Things You Should Know When Writing About Guns

[NOTE: The below post is not meant to be an endorsement for or a prohibition against guns in the real world in which we all live. It is a discussion of firearms in fiction. Keep comments civil… or I’ll boot you out the airlock into the silent void.]

Guns, man. Guns.

*flexes biceps*

*biceps which turn into shotguns that blow encroaching ninjas to treacly gobbets*

CH-CHAK.

Ahem.

If you’re a writer in a genre space — particularly crime, urban fantasy, some modes of sci-fi — you are likely to write about some character using some gun at some point.

And when you write about the use of a gun in your story, you’re going to get something wrong. When you do, you will get a wordy email by some reader correcting you about this, because if there’s one thing nobody can abide you getting wrong in your writing, then by gosh and by golly, it’s motherfucking guns. Like how in that scene in The Wheel Of Game of Ringdragons when Tyrion the Imp uses the Heckler & Koch MP7 to shoot the horse out from under Raistlin and Frodo, the author, Sergei R. R. Tolkeen, gets the cartridge wrong. What an asshole, am I right?

You can get lots of things wrong, but you get guns wrong?

You’ll get emails.

As such, you should endeavor to get this stuff right. If only to spare yourself the time.

I’ve gotten them wrong from time to time, despite growing up around guns (my father owned and operated a gun store — we were hunters, we had a shooting range at the house, I got my first gun at age 12, etc.etc., plus he was a gunsmith, as well) and despite owning them.

Thus, seems a good time to offer up some tips on how to write guns well, and some common mistakes authors make when using the shooty-shooty bang-bangs in the stories they write. And yes, I’m probably going to get something in this very post wrong, and I fully expect you to correct me on it, YOU SELF-CONGRATULATORY BASTARDS.

Also — keep in mind that this list is by no means exhaustive.

You should go to the comments and add your own Things Writers Get Wrong About Guns.

• Let’s just get this out of the way now — if you want to write about guns, go fire one. Go to the range. Pick up a gun. Use it. This is your first and best line of defense when writing about a character and her firearm. Also, when you’re writing about murder, YOU SHOULD MURDER SOMEONE. Wait, no, don’t do that. I certainly never have! Ha ha ha! *kicks corpse under desk*

• Specificity breeds error. If you’re not highly knowledgeable about guns, then you might be best drifting away from specificity rather than toward it. The more particular you try to be about including details (“Dave held the Smith & Weston .45 revolver aloft and after jamming the clip into the cylinder he thumbed off the safety…”) the more you’re likely to get wrong. There’s value in just saying, y’know, he pointed the gun and pulled the trigger. You don’t have to get masturbatory with details. Admittedly, some genres like that kind of masturbation, but it’s a detail you can tweak later.

• Also masturbatory: All that egregious action-jacking. Characters don’t always need to do some fancy “jack the action” shit every time they’re handling a gun. Some guns need that. Some do not. Doing that will nearly always eject the shell that’s in the chamber, which is only a thing you want if it’s an empty casing and the gun does not automatically eject empty casings for you. Because many guns — like, say, pistols — are very efficient that way.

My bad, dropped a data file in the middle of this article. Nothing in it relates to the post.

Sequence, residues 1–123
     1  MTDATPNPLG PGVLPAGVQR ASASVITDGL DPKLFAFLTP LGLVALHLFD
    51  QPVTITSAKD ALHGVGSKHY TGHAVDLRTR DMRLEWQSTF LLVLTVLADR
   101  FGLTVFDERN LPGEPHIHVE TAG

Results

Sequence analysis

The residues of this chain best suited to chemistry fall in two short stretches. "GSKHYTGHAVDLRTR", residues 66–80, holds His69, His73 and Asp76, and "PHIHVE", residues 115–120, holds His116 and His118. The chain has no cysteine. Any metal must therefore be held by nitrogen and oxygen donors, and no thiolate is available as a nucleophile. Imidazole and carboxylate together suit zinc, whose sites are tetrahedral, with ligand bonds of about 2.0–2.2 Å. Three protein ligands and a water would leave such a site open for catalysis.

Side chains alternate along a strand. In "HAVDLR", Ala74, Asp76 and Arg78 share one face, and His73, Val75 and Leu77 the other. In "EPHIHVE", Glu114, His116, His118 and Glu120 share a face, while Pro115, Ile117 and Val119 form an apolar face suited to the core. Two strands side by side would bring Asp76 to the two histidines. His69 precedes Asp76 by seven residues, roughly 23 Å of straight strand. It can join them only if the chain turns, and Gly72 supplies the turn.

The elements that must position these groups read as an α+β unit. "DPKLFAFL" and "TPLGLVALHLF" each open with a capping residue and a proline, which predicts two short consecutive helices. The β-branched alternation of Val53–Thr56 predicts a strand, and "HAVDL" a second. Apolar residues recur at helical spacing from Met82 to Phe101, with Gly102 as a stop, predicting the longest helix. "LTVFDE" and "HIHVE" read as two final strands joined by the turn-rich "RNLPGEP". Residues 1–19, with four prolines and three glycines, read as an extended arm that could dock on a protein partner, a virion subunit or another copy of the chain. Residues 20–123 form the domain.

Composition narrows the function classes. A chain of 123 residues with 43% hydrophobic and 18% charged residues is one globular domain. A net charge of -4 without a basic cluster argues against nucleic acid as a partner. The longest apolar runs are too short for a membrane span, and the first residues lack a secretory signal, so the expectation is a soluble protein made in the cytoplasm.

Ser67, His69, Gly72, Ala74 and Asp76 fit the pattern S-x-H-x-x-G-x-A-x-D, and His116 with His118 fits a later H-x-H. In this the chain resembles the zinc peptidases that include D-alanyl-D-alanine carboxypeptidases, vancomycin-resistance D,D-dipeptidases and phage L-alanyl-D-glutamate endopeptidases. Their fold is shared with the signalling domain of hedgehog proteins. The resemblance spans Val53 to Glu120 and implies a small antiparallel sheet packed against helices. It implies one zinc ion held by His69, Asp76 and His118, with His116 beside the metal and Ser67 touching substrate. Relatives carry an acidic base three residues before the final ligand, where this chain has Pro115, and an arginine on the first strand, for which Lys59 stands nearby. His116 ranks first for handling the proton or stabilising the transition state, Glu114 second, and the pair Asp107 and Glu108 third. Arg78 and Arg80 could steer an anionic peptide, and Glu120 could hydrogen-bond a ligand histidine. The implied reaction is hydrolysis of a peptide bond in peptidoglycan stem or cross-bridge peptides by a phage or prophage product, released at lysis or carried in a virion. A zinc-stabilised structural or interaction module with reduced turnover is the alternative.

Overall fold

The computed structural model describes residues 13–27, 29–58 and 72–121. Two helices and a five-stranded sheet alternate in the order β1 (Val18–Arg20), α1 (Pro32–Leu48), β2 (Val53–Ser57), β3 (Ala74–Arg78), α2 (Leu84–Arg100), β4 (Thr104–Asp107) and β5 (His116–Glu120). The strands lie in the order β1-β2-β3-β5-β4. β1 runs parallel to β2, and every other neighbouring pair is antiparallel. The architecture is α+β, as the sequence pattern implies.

• No, the air did not stink of cordite. This is so common, it hurts me. Besides it being sorta dumb — I mean, it’s so needlessly specific, it’s like saying someone ate a banana and “tasted the potassium” — it’s also wildly inaccurate. Cordite hasn’t been in use pretty much since the middle of last century. Modern gunpowder is, like cordite, a smokeless propellant. (It’s also not very powdery; my father reloaded his own ammo and I was struck that gunpowder is more like little beads, like something a robot might eat atop its ice cream sundae. *crunch crunch crunch*)

• Revolvers don’t generally have external safeties. They do have safety mechanisms — hard-to-pull triggers, hammer blocks, etc. — but not many with traditional external safeties. (A rare few have what’s called a “grip safety,” particularly on hammerless revolvers, which despite their name aren’t actually hammerless, but merely conceal the hammer inside the gun. Blah blah blah. SO MANY THINGS TO GET WRONG.)

• Nope, Glocks don’t really have the standard manual safeties, either. More on a Glock’s safe action system here. Oh, and yes, a Glock will set off metal detectors. They’re not Hasbro toys.

• This is a magazine. This is a clip. Note the difference.

• This is a cylinder.

• This is Tommy, and he’s thuglife.

• The bullet is the projectile. The casing is the brass beneath it, in which you find the powder. Beneath that is the primer (which is what the firing pin strikes to set the whole party off). The entire thing is the cartridge (sometimes referred to as a ’round’). The caliber is the measurement of the bullet’s diameter. A caliber of .22 is 0.22 inches in diameter. Might also be measured in millimeters, as in 9mm. I’m surprised men don’t measure their wangs this way.

• Shotguns do not use bullets, and the ammo isn’t called ‘cartridges.’ They are called ‘shotgun shells.’ If if contains pellets, it might be referred to as a shotshell. If it contains a slug, probably not. In a shotshell, buckshot is larger pellet size, birdshot is smaller pellet size. Shotgun shells are measured not in caliber but rather, gauge (or bore), indicating a somewhat archaic measure of weight, not diameter. Then there’s the .410 (four-ten) bore. I don’t know why they do it that way. I’m going to blame wizards. Gun-wizards.